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Discovery of New Players in Congenital Heart Defects
using Genome-wide Approaches
Mahdi Moradi Marjaneh1,2, Edwin P. Kirk2...
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Discovery of New Players in Congenital Heart Defects Using Genome Wide Approaches - Mahdi Moradi Marjaneh


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Authors: Mahdi Moradi Marjaneh, Edwin P. Kirk, Peter C. Thomson, Tram B. Doan, Ian C.A. Martin, Chris Moran, Richard P. Harvey

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Discovery of New Players in Congenital Heart Defects Using Genome Wide Approaches - Mahdi Moradi Marjaneh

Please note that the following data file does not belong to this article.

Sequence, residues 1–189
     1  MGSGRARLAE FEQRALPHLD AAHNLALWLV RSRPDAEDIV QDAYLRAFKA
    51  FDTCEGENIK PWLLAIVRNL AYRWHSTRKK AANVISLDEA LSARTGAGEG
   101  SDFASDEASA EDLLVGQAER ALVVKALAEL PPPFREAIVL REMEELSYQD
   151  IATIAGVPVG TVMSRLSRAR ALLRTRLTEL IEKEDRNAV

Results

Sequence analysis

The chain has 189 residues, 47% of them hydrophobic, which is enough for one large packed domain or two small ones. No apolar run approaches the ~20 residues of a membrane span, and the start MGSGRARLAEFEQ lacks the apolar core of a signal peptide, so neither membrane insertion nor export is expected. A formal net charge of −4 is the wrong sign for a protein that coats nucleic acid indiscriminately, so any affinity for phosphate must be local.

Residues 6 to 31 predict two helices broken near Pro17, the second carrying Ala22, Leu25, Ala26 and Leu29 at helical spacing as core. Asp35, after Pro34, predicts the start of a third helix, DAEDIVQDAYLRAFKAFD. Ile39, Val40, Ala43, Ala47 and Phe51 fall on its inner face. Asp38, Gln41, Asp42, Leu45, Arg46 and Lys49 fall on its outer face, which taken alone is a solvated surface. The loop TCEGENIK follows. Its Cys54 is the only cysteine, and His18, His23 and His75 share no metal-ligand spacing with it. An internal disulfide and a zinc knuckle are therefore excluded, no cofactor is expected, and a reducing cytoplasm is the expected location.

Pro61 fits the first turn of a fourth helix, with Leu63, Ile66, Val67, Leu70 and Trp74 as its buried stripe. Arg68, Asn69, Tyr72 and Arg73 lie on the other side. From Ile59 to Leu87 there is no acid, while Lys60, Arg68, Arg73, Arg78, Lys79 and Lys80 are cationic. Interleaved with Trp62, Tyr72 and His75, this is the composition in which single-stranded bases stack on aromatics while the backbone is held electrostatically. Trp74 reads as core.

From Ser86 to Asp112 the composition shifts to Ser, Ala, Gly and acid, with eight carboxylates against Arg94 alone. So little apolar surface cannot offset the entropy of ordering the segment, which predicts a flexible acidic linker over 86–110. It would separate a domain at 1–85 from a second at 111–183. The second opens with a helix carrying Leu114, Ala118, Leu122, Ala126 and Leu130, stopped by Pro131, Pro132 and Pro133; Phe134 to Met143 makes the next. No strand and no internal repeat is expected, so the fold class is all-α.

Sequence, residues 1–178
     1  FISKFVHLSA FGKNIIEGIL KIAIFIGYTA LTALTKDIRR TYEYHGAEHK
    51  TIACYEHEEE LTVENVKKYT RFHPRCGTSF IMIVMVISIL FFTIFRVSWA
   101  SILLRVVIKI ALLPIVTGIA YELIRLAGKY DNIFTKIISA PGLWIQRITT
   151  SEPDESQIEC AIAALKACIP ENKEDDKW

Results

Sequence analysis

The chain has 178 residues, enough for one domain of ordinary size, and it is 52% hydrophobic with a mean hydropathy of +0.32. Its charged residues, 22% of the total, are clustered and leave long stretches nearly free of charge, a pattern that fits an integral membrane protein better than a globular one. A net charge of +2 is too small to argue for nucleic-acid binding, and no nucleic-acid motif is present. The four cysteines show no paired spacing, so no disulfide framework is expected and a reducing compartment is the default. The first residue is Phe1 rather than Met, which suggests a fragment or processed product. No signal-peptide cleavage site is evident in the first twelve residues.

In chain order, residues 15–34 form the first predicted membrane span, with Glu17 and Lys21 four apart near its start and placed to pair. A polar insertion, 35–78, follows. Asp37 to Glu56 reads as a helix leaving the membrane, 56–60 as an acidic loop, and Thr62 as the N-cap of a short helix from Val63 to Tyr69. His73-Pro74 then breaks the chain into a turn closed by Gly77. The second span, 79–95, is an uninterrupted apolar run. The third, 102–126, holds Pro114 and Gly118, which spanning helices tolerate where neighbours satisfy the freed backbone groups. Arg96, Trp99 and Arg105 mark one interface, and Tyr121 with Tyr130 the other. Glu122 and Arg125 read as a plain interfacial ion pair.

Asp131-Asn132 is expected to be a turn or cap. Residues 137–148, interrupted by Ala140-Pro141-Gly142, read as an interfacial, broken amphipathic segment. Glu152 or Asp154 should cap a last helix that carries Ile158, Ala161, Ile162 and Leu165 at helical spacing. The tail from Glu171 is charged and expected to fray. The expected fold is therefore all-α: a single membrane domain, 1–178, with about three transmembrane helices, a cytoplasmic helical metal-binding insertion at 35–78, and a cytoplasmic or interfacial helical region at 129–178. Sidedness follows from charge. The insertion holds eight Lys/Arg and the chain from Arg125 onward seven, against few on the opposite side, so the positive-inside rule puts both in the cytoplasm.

1. 1. Discovery of New Players in Congenital Heart Defects using Genome-wide Approaches Mahdi Moradi Marjaneh1,2, Edwin P. Kirk2,3, Peter C. Thomson4, Tram B. Doan1, Ian C.A. Martin4, Chris Moran4, Richard P. Harvey1,5 1Victor Chang Cardiac Research Institute, Sydney, NSW, Australia 2School of Women and Children’s Health, University of New South Wales, Sydney, NSW, Australia 3Department of Medical Genetics, Sydney Children’s Hospital, NSW, Australia 4ReproGen - Animal Biosciences Group, University of Sydney, NSW, Australia 5St. Vincent’s Clinical School, University of New South Wales, Sydney, NSW, Australia Email:, Introduction • The interatrial septum in the mammalian heart is formed by the septum primum (blue) and the septum secundum (green) which overlap each other during cardiac development and fuse together after birth. • In 25% of the human population the two septa do not fuse completely after birth leading to an abnormal connection between the two atrial chambers termed patent foramen ovale (PFO). • PFO is clinically important since it is possibly associated with several major clinical conditions, in particular, stroke and migraine headaches. Krasuski, 2007 Patent foramen ovale (PFO) Normal heart • Despite previous studies on the genetic basis of cardiac defects in humans and animal models, the genetic complexity of PFO has not been addressed in depth. Objectives Identify genetic causation of PFO using genome-wide approaches: • Establish quantitative parameters of atrial septum • Identify quantitative trait loci (QTL) for the parameters • Identify the causative gens by finding the variations between the parental lines under QTL peaks Methodology and Results 2. QTL mapping of quantitative parameters using F2 intercross design 1. Establish quantitative parameters of atrial septum A genome-wide QTL mapping of quantitative parameters (FVL and FOW) was performed using a mouse F2 intercross design. Quantitative anatomical parameters of atrial septum were established in mouse model. These parameters were strongly correlated to the risk of PFO and therefore could be studied as proxies for the risk of PFO. The parameters are as follows:1,2 The parental strains in our F2 intercross study were QSi5 and 129T2/SvEms which were selected based on having extreme values for mean FVL and prevalence of PFO.1,2 • Flap valve length (FVL): The length of the flap valve from the edge of the crescent (an embryonic landmark of atrial septum) to the distal rim of the fossa ovalis. LOD 10 FVL 8 FOW 6 • Foramen ovale width (FOW): The maximum width of the foramen ovale perpendicular to the FVL. 4 2 0 Figure 1. Atrial septal morphology in the mouse (left aspect)2 3. Confirm and fine map QTL using advanced intercross line (AIL) We established an advanced intercross line (AIL) by continuous breeding of parental strains (QSi5 and 129T2/SvEms) for 14 generations. This would significantly increase the chance of crossing over between any two loci and would result in a genetic map with higher resolution. 0 1 2 100 3 4 200 5 6 7 300 8 9 400 10 11 12 13 14 15 600 16 17 18 700 19 Chr Figure2. Genome-wide QTL mapping identified 6 significant QTL (LOD > 4.3) for FOW and FVL.2 4. Identify the causative genes by finding variations between the parental stains under the QTL peaks While advanced intercross line (AIL) significantly narrowed the QTL region, each AIL QTL still harboured a high number of candidate genes. We performed QTL mapping for F14 generation. We performed whole genome sequencing of the 2 parental strains to identify the variations between them. The variations were filtered for those on QTL regions, being related to heart, and having high impact on protein sequence resulted in 13 promising candidates. FOW QTL Chr Impact Old_codon/New_codon 66449494 Mtap2 STOP_GAINED High CAG/TAG 66450672 Mtap2 STOP_GAINED High TGG/TGA 2 71100933 Dync1i2 STOP_GAINED High TGG/TGA 2 71715328 Pdk1 SPLICE_SITE_ACCEPTOR High 4 9549010 Asph STOP_LOST3 High TGA/TGG 4 9561371 Asph STOP_GAINED High TGG/TGA 4 41701766 Sigmar1 STOP_LOST High TGA/TTA 4 43950254 Reck STOP_GAINED High CAG/TAG 9 Figure 3. All QTL identified by F2 study (red) were confirmed and significantly narrowed using AIL (blue). Some F2 QTL resolved into multiple peaks. Gene_name Effect 1 FVL QTL Position 1 Advanced Intercross Line (AIL) 500 20248886 Zfp26 STOP_GAINED High CGA/TGA 9 44590278 Ift46 STOP_GAINED High CGA/TGA 9 44597761 Ift46 STOP_GAINED High GAA/TAA 13 14280024 Arid4b STOP_GAINED High CAA/TAA Table 1. Promising candidates for the risk of patent foramen ovale (PFO). The genotype of each candidate differs between the two parental strains. In addition, each candidate is located on a QTL region, expressed in the heart, and has a high impact on protein sequence. Conclusions References • Our results provide the first high-resolution picture of genetic complexity of atrial septal variation and risk of PFO in a mouse model. 1. Biben C, Weber R, Kesteven S, Stanley E, McDonald L, Elliott DA, Barnett L, Köentgen F, Robb L, Feneley M, Harvey RP. Cardiac septal and valvular dysmorphogenesis in mice heterozygous for mutations in the homeobox gene NKX25. Circ Res. 2000; 87(10):888-895. • Combining QTL mapping with new genomic technologies made a major progress towards identification of contributing genes. 2. Kirk EP, Hyun C, Thomson PC, Lai D, Castro ML, Biben C, Buckley MF, Martin IC, Moran C, Harvey RP. Quantitative trait loci modifying cardiac atrial septal morphology and risk of patent foramen ovale in the mouse. Circ Res. 2006; 98(5):651-658.